By Kristin Morency Goldman, Toy Industry Association
In addition to providing updates on toy and play trends in the marketplace, the U.S. Toy Industry Association (TIA) monitors trends in other industries that can influence the toy aisle.
Recently, TIA staff attended CE Week, New York’s largest technology show, and Texworld, a global trade show for the fashion industry, to scope out the latest trends in tech and fashion for 2016 and beyond.
Below, I look at some of the cutting edge innovations in tech and textiles that toymakers will want to keep their eyes on as they begin developing and marketing their next hit toys and games.
Kids’ Wearables Next Big Thing in Toys
Analysts, innovators and thought-leaders who attended CE Week explored the state of personal electronics and provided hints as to what’s on the horizon. According to predictions, the future looks especially bright for wearables.
The world of wearable technology is quickly expanding. According to a recent report from IDTechEx, the wearables market is expected to grow from US$20 billion in 2015 to almost US$70 billion by 2025. Moving from desktop computers to laptops to mobile devices, wearables are the next phase of the “shrinking machine” evolution, offering consumers even more unfettered connectivity.
From products that monitor daily routines and provide feedback, to wearables that offer enhanced convenience when it comes to device controls, data storage and communication (think: “smart” jewellery), wearables offer companies a unique opportunity to address the habits and preferences of today’s consumer through a blend of fashion and technology.
“We see the wearables trend growing in popularity among children, who gravitate to products that adapt or can be personalized to suit their interests and lifestyles,” noted Adrienne Appell, TIA trend specialist.
“Over the next year, we expect the wearable toy segment to grow beyond kids’ fitness bands to include other accessories that are fashionable, functional and fun to use.”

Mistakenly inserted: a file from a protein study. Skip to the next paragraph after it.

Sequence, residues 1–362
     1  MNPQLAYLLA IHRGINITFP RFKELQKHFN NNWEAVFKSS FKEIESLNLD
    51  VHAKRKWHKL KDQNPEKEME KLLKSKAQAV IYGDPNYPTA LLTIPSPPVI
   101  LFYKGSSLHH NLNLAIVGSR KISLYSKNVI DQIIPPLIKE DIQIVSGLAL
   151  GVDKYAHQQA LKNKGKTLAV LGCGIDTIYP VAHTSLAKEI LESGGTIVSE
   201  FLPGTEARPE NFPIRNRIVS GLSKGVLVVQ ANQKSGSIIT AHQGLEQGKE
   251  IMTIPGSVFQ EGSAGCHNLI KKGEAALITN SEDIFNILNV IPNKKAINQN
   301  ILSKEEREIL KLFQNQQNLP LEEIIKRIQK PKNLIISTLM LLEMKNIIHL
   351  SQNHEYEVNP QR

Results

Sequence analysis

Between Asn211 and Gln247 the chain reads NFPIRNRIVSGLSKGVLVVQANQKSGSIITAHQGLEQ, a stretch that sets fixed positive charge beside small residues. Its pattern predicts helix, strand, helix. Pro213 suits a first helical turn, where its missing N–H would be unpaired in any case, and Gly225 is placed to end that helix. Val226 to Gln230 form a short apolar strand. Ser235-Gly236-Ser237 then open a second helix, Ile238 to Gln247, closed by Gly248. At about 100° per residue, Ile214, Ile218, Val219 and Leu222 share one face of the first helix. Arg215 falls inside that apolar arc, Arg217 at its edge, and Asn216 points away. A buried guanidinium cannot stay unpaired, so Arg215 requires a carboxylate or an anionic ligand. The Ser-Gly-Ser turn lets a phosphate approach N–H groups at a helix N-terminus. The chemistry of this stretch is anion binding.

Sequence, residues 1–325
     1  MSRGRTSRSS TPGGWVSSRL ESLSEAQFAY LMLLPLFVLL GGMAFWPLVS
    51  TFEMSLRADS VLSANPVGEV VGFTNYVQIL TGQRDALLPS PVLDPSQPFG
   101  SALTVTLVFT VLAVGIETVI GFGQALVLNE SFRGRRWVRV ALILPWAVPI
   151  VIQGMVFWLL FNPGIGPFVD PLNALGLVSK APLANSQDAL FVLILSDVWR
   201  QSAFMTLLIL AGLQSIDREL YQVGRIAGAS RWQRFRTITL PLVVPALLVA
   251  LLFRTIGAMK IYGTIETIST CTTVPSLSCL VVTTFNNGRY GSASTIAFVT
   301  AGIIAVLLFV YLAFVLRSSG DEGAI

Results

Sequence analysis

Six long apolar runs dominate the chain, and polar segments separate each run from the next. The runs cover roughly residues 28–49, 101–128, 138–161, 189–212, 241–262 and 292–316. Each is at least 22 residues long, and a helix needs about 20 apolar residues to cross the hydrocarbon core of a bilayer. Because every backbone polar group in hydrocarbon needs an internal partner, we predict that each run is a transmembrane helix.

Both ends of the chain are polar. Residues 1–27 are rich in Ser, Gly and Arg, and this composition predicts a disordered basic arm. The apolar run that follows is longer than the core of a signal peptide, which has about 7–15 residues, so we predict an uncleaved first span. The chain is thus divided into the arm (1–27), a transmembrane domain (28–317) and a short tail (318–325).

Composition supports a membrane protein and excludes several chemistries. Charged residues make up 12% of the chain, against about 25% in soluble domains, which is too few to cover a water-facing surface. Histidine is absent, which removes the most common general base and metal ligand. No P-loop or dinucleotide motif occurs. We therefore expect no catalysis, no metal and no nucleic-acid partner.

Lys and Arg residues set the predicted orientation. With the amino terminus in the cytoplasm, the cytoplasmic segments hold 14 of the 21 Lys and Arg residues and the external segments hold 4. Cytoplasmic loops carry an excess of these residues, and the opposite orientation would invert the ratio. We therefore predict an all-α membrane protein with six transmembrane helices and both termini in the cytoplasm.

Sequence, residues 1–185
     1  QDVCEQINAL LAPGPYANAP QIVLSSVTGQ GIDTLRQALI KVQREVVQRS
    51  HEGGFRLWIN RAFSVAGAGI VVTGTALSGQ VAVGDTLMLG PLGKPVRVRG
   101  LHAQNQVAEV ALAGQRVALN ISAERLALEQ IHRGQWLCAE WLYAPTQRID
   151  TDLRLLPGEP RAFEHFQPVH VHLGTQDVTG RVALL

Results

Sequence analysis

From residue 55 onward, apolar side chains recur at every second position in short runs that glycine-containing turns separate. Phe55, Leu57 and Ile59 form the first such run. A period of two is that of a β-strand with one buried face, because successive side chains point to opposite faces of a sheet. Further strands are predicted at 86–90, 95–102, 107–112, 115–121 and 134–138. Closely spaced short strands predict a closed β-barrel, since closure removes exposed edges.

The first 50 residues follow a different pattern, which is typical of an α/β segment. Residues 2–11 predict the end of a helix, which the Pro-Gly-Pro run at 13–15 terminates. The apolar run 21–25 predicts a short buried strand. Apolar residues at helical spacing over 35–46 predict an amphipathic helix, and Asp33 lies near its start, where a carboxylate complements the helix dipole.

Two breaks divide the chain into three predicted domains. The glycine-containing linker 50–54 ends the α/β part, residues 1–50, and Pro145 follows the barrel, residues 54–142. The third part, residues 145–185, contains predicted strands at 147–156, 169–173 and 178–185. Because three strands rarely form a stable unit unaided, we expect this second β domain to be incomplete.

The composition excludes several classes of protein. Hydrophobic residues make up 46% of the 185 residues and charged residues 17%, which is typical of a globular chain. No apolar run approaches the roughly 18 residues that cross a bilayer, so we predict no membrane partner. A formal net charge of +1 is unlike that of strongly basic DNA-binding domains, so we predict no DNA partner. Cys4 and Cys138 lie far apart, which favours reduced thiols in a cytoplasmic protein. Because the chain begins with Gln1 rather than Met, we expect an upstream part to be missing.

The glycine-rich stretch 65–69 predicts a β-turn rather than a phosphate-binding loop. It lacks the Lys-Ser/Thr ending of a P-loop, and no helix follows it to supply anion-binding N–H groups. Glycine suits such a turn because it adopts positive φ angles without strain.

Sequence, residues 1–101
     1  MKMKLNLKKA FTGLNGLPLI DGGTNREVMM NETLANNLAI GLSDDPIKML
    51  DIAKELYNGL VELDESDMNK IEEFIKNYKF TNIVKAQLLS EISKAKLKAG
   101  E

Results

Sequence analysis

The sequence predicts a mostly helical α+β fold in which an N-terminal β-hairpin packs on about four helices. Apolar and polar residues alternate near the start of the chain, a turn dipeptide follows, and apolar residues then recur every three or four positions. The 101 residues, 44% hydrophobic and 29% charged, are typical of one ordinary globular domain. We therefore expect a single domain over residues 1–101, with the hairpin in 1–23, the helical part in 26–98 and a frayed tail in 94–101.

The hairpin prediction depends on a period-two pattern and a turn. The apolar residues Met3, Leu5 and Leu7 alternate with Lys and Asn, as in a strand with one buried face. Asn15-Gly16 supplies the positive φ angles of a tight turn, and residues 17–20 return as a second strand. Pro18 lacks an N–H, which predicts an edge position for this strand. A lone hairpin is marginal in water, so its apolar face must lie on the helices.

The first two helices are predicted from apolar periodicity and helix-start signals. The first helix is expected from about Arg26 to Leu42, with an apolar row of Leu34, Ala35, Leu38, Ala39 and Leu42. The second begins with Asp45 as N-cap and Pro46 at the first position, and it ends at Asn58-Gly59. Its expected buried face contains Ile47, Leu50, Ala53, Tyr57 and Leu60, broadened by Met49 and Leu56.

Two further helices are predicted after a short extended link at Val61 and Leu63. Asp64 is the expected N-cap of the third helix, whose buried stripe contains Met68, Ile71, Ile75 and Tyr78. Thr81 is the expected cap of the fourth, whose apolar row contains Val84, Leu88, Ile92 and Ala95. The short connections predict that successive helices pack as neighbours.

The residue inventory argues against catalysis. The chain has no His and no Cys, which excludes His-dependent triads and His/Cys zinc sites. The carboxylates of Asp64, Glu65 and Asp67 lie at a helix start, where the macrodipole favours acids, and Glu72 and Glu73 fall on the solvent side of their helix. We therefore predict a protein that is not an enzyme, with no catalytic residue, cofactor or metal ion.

Textile Trends Appear in Craft Kits
Some of the latest trends in fashion on display at Texworld will likely make their way to the toy aisle and inspire future doll clothing, arts & crafts, design kits, toy packaging, and more.
Designers are using rich colors, jewel tones and lush fabrics, like velvet, to make things seem more luxurious and expensive. In kids’ wear, crushed velvet is making a comeback and will likely influence doll fashions and accessories.
“Soft velour, smooth suede and embellishments are a treat for kids’ visual and tactile senses – and any doll outfit or accessory that emulates what adults are wearing will appeal to today’s fashion-conscious tweens,” said Appell.
Soft, fluffy fibers with a “cocooning” effect are also on the rise, in the form of “scarf” sweaters that you can wrap around your body and other cozy clothes. “The ‘Quiet Comfort’ trend in fashion encourages us to slow down, relax, and lounge without any digital distractions,” said Appell. “This back-to-basics mentality could have a positive influence on play in general, promoting it as a way to de-stress and enjoy downtime.”
In terms of prints, pixilation and photo elements (including black and white photos and retro images) are cropping up everywhere – from t-shirts to totes. We can also expect to see a rise in Americana-style graphics, including clothes inspired by old road signs, license plates, and neon signs.
“Tweens and teens in particular will respond to retro, Americana, and other offbeat graphics that feature scientific symbolism (inspired by the periodic table, for example) and classic block typography letters,” said Appell. “When designing fashion-themed playthings like DIY kits and accessories, these are important trends to keep in mind if you want to stay relevant with older children.”
For more information about trends, contact the Toy Industry Association.
|Kristin Morency Goldman is a communications specialist/journalist with the Toy Industry Association. Her articles can be found on the Association website, in various global trade publications and in TIA’s e-newsletter, Toy News Tuesday.|
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